Questionable Associations: The Role of Forgiveness in Transitional Justice

Citation:

Saunders, Rebecca. 2011. “Questionable Associations: The Role of Forgiveness in Transitional Justice.” International Journal of Transitional Justice 5 (1): 119–41. doi:10.1093/ijtj/ijr003.

Author: Rebecca Saunders

Abstract:

Forgiveness has gained surprising prominence in transitional justice circles due, in part, to the impact of the South African Truth and Reconciliation Commission, advocacy of forgiveness by educational and social psychologists and critiques of retributive justice in critical legal studies. Drawing on philosophy, psychology, literature, legal theory and records of transitional justice in situ, this article argues that while advocates claim significant personal and social benefits derive from forgiveness, transitional justice should not consider forgiveness an a priori good or as commensurate with either reconciliation or peacebuilding. Before advocating forgiveness as a form of personal healing or social reconciliation, artisans of transitional justice mechanisms should consider that the repression of anger or resentment may be psychologically harmful and that perceived pressure to forgive may cause significant psychic distress. They should carefully consider the ways in which rhetoric or practices of forgiveness may facilitate perpetrators’ ability to do harm, teach victims to make peace with their oppression and reinforce structures of inequality.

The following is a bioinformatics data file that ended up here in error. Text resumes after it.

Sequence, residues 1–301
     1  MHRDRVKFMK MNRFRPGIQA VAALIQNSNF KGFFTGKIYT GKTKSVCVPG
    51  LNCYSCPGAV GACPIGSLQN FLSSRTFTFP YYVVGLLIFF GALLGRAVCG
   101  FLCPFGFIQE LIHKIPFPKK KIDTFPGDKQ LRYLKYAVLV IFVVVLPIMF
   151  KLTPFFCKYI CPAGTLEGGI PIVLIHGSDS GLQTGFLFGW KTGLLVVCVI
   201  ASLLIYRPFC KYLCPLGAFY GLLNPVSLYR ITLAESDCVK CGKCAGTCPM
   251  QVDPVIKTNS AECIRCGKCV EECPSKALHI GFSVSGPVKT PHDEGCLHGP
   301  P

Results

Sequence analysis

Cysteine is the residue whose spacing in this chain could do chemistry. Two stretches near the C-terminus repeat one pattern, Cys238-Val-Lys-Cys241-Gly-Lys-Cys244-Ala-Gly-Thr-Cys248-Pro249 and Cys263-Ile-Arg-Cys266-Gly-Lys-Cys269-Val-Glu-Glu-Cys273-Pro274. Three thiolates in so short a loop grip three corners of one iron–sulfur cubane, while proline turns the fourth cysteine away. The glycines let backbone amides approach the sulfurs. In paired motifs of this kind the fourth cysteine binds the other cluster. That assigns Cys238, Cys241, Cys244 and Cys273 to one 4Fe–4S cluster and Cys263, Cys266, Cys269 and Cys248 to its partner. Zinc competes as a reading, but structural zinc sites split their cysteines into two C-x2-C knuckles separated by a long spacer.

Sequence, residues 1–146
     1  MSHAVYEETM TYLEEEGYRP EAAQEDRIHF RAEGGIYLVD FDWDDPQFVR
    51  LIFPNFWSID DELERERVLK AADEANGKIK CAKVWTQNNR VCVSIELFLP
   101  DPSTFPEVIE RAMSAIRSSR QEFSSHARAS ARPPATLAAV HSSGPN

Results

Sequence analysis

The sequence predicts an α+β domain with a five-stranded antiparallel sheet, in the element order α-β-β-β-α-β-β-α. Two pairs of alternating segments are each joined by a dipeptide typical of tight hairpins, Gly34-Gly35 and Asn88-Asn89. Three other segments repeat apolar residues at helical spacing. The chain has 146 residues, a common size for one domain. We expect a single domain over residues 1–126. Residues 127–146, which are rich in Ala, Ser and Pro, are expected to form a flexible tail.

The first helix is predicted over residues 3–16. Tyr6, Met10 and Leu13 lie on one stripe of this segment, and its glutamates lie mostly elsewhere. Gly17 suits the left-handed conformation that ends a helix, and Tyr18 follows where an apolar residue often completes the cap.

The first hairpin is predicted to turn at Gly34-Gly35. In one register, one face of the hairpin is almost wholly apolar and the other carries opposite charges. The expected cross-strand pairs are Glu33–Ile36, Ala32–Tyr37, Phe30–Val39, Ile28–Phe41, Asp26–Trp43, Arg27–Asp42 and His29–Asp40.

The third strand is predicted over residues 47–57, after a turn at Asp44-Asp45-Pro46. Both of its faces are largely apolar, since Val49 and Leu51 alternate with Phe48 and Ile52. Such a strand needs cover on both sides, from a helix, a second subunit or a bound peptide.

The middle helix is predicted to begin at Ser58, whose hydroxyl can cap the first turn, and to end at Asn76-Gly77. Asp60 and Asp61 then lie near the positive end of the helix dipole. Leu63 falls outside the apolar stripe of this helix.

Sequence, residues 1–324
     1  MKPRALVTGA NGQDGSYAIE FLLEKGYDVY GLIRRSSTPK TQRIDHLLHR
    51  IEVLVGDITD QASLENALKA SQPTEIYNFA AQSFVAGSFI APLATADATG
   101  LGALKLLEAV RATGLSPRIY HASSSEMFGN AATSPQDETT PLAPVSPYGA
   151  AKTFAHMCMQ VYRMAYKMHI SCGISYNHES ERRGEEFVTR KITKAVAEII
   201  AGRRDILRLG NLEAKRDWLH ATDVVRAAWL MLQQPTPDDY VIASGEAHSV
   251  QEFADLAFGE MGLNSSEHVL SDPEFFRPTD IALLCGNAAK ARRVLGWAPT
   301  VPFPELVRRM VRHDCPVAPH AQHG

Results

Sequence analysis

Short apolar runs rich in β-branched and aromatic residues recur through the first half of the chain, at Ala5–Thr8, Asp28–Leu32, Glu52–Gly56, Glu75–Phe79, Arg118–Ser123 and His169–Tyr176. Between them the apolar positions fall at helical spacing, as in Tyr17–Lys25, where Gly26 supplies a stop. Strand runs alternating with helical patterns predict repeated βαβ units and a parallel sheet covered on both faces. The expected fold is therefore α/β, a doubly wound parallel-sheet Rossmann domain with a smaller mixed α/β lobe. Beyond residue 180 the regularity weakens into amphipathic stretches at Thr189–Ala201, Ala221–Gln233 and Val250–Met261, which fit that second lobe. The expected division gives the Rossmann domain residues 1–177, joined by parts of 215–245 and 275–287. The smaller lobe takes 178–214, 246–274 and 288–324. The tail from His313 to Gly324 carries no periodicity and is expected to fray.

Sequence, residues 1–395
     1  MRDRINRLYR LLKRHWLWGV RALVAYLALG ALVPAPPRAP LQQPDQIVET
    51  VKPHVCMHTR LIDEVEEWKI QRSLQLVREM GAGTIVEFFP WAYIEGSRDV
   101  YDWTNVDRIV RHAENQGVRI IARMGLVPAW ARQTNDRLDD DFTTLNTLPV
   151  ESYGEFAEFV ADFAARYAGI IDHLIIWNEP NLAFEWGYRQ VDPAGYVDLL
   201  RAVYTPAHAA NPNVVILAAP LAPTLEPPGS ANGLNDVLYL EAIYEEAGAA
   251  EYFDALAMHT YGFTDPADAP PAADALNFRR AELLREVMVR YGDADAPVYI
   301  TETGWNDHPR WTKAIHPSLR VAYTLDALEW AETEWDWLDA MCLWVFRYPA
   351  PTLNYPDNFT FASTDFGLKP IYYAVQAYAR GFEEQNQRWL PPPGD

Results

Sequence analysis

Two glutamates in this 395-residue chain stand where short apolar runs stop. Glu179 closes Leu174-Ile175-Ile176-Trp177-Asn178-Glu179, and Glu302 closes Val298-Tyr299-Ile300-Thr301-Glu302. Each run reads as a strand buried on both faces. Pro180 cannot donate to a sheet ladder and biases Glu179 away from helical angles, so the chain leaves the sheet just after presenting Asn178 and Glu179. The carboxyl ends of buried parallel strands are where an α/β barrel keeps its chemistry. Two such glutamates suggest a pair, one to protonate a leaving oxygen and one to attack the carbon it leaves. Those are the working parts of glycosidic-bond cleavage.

Topics: Gender, Women, Health, Mental Health, Trauma, Justice, Transitional Justice, Post-Conflict Regions: Africa, Southern Africa Countries: South Africa

Year: 2011

© 2017 CONSORTIUM ON GENDER, SECURITY & HUMAN RIGHTSLEGAL STATEMENT All photographs used on this site, and any materials posted on it, are the property of their respective owners, and are used by permission. Photographs: The images used on the site may not be downloaded, used, or reproduced in any way without the permission of the owner of the image. Materials: Visitors to the site are welcome to peruse the materials posted for their own research or for educational purposes. These materials, whether the property of the Consortium or of another, may only be reproduced with the permission of the owner of the material. This website contains copyrighted materials. The Consortium believes that any use of copyrighted material on this site is both permissive and in accordance with the Fair Use doctrine of 17 U.S.C. § 107. If, however, you believe that your intellectual property rights have been violated, please contact the Consortium at info@genderandsecurity.org.